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There has been a significant shakeup in the political scene in Italy over the weekend. Italian president Giorgio Napolitano was reelected for another 7 year term after already heading out. In addition, the leader of the center-left PD party Pier-Luigi Bersani resigned after losing support within his party.

These significant changes leave Italy with two options: fresh elections or a grand-coalition government. The outcome will certainly impact the value of the single currency.

Napolitano, aged 87, was already on his way to retirement. However, the political deadlock that Italy encounters since the elections in February, resulted in no agreement on the name of the new president. 5 votes in parliament had failed before Napolitano was asked to remain in office. He is widely respected.

Under the Italian laws, an outgoing president cannot dissolve parliament and call new elections. After finally agreeing on a new/old candidate, will Italy go to the polls?

Not so fast.

The other development is within the the center-left PD party. The party didn’t stand behind its leader Bersani in recent months after the mixed election results. This was especially evident around the election of the president. Bersani eventually understood the hints and resigned.

The PD leadership will probably go to the mayor of  Florence, Matteo Renzi. Renzi is younger and more charismatic than Bersani. Could he push towards new elections? This depends a lot on the polls.

There are 3 major political forces in Italy today:

  1. PD: The center left party received wide support, but not enough to form a government. Since the elections, it lost popularity and could suffer a worse outcome. The PD would ideally rearrange itself under Renzi, and gain traction in opinion polls before heading to fresh elections.
  2. PDL: The center right party lead by Silvio Berlusconi rose in popularity since February and would gain from new elections. However, Berslusconi, which has legal issues, would prefer that the laws would be changed in his personal favor. This was a sticking point in the negotiations. So, Berlusconi could actually prefer a coalition in order to change the laws rather than elections. He has a dilemma.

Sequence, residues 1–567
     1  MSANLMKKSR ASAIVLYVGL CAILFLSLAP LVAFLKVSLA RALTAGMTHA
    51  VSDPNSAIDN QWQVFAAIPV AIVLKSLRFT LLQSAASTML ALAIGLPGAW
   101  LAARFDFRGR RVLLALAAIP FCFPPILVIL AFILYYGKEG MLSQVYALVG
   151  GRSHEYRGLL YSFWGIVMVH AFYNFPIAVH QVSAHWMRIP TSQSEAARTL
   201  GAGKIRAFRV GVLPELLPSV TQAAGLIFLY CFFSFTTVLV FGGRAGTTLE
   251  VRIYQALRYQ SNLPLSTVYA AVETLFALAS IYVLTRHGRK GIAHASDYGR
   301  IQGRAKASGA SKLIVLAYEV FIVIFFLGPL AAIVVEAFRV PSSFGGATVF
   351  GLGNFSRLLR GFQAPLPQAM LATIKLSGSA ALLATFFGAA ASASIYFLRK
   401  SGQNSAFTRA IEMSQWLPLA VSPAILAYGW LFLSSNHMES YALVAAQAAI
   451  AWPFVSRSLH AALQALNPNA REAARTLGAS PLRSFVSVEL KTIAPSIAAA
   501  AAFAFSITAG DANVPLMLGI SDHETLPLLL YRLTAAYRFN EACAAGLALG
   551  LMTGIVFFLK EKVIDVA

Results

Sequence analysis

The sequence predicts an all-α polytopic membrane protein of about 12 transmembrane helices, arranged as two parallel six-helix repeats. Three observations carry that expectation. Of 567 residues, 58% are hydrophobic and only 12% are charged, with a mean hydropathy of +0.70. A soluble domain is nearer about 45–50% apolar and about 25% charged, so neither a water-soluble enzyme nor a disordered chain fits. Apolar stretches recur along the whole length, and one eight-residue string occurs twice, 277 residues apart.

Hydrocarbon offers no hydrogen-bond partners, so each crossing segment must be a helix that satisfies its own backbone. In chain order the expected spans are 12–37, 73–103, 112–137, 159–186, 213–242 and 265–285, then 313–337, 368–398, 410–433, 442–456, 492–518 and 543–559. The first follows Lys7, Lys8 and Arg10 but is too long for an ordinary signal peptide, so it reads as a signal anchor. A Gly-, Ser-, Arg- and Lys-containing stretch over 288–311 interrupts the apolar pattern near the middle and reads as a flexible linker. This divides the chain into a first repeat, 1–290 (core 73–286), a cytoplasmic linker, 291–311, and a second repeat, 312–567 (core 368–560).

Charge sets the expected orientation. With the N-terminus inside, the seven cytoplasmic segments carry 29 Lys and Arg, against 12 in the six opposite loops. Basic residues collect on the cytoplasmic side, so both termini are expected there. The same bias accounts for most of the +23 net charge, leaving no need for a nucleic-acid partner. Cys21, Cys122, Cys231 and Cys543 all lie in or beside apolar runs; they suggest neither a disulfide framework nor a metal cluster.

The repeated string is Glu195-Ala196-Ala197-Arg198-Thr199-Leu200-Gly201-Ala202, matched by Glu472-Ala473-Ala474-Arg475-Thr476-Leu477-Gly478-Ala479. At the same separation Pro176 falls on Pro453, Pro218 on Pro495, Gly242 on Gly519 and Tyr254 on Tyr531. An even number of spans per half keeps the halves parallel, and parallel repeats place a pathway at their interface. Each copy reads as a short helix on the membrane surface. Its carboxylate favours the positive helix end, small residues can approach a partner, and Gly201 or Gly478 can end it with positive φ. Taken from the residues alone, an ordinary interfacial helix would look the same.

3. 5 Star Movement: The new alternative political force led by Beppe Grillo is an anti-establishment  party. After the positive outcome in the elections, the party ruled out a coalition with the old parties and wants new elections. The fear of his success could lead other parties to a coalition. Grillo suggested a referendum about Italy’s euro membership.

So, the ball seems to be in the court of the PD and the PDL:

  1. Grand coalition: This option would place the PD in power, with some power sharing with the PDL. The immunity for Berlusconi remains a sticking point. The grand coalition could continue the path of reform and austerity, and the enjoy this outcome. However, such a coalition between the parties that hate each other and come together only to stop Grillo would probably not last too long.
  2. New elections: This would be a gamble as well. If the PD goes with Grillo and agrees on elections, it would hope that Renzi would carry away the party to victory, but this is far from certain. Berlusconi could still win the elections. This is also a gamble for Berlusconi: as time passes by, his personal situation could worsen. For the euro, fresh elections would mean bigger uncertainty and more weight on the single currency.

Uncertainty remains in Italy after the shakeup, but at least the previous stalemate is broken. Will we see new elections soon or rather a grand coalition?

Further reading: Weakness in the Euro-zone.